Problems with billboards include: (i) they can be costly; (ii) there is no guarantee that individuals will see the billboard; (iii) it is difficult to determine the number of individuals that viewed the billboard; and (iv) self evidently, there is not an “interactive” experience between the user and the billboard.
Alternatively, to promote software related products, disk drive manufacturers can bundle the software with the disk drive after its manufacture. However, disadvantageously, original equipment manufactures, who are in the distribution chain for the disk drives, may delete the bundled software and replace the software with software of their own.
Thus, disk drive manufacturers are in need of an advertisement and distribution channel that allows them a guarantee that their promotional materials can be viewed by a large number of consumers.
One embodiment of the invention comprises a method of manufacturing a disk drive for establishing connection between a content delivery server and a personal computer system. The personal computer system includes a computing subsystem and a disk drive. The manufacturing method comprises identifying a network address for the content delivery server and providing a server-contacting program. The network address and the server-contacting program are stored in the disk drive. Firmware is installed in the drive to initiate execution of the server-contacting program after the disk drive is connected to the computing subsystem in the personal computer system. Upon execution, the server-contacting program uses the network address to connect the personal computer system with he content delivery server.
Another embodiment of the invention comprises a disk drive. The disk drive comprises a network address for identifying a content delivery server, a server contacting program, and a disk controller circuit. The disk controller circuit, upon the occurrence of a selected condition and after the disk drive is connected to a computing subsystem in a personal computer system, initiates execution of the server-contacting program. Upon execution, the server-contacting program uses the network address for connecting the personal computer system with the content delivery server.
Starting at a step 100, a manufacturer manufactures a number of disk drives 516 (
For convenience of description, the following text will refer to a single disk drive 516. However, it is to be appreciated that the same process may be performed with respect to manufacturing and using any number of disk drives. Furthermore, the disk drive 516 may be integrated with one of several personal computers 502A–502M (
Referring again to
Continuing to a step 108, the disk drive 516 is installed in the personal computer 502M. At the step 108, the disk drive 516 is physically connected to an adapter connector that is associated with a computing subsystem 518 (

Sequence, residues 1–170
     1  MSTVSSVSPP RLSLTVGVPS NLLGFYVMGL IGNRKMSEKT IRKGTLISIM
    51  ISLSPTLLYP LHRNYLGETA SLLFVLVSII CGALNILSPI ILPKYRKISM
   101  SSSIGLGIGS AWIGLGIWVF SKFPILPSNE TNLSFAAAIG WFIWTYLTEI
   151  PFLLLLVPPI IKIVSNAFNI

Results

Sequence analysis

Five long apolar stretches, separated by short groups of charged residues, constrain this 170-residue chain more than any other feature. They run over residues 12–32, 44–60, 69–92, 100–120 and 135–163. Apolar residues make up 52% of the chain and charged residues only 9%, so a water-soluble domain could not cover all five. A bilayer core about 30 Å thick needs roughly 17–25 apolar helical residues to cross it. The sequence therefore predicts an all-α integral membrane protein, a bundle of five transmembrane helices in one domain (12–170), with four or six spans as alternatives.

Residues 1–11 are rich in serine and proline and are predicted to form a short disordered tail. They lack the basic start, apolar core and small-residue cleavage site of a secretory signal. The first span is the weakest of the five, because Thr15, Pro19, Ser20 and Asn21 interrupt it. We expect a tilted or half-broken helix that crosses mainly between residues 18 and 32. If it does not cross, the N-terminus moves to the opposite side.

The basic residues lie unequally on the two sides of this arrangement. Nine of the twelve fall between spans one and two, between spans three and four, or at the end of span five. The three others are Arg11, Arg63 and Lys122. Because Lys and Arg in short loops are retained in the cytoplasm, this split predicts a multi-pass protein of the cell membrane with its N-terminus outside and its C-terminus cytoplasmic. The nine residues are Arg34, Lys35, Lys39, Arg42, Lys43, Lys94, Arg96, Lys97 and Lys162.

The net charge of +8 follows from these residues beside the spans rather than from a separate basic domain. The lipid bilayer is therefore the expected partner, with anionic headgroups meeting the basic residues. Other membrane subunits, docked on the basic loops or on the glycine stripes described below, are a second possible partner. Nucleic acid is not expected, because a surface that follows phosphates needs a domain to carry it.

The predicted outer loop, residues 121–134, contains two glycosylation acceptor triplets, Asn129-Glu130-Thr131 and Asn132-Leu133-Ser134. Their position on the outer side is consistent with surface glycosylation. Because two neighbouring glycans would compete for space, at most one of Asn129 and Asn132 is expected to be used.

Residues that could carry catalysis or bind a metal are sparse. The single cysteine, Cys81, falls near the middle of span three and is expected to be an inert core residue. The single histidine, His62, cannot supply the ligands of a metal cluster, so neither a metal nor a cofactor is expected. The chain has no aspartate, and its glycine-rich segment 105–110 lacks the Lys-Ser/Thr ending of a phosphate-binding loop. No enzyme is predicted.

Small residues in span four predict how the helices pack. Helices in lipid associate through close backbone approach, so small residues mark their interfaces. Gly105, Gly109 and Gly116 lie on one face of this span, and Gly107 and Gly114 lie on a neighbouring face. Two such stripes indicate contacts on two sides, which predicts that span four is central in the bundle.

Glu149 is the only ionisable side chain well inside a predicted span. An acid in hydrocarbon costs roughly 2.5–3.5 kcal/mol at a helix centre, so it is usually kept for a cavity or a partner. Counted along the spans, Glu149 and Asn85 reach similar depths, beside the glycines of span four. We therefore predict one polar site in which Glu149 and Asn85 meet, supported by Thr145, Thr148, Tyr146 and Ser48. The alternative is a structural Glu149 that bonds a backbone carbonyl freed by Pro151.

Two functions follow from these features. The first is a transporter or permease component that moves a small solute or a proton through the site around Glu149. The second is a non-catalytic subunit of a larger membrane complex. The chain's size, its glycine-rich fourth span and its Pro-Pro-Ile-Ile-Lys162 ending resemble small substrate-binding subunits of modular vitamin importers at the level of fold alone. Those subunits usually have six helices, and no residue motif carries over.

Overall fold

Proceeding to a step 112, a content delivery server 512 is configured to receive user information, if the user agrees, from the personal computer 502M and to transmit content data to the personal computer 502M once the disk drive 516 is installed (described above with respect to step 108). At this step, the content delivery server 512 is connected to a network 520. The network address 612 in the disk drive 516 identifies the content delivery server.
Next, at step 116, the server contacting program 608 contacts the content delivery server 512. Furthermore, at the step 116, the content delivery server 512 stores the provided user information.
Moving to a step 120, the content delivery server 512 delivers content data to the personal computer 502M. The type of content data can vary greatly depending on the embodiment. Content data may include any type of digital file. For example, the content data can include: a content display program, a game, an entertainment program, a utility program, a product support program, entertainment data, advertisement data, music data, pictures or a movie. Furthermore, as non-limiting examples, the content data can be in any one of the following data formats: DHTML, AVI, MPEG, QuickTime, a template, a static file, a Joint Photographic Experts Group (JPEG) file, an animated GIF, a Hypertext Markup Layout page, a .way file, or a Macromedia flash file.
In one embodiment of the invention, the content data is displayed to the user during the boot process of the personal computer 502M. As defined herein, a boot process includes executing one or more programs to configure a personal computer to a state wherein the personal computer can execute an application program specified by the user after booting. In another embodiment of the invention, the content data is displayed to the user during a shutdown phase of the personal computer 502M. In yet another embodiment of the invention, the content data is displayed to the user during periods of low activity on the personal computer 502M.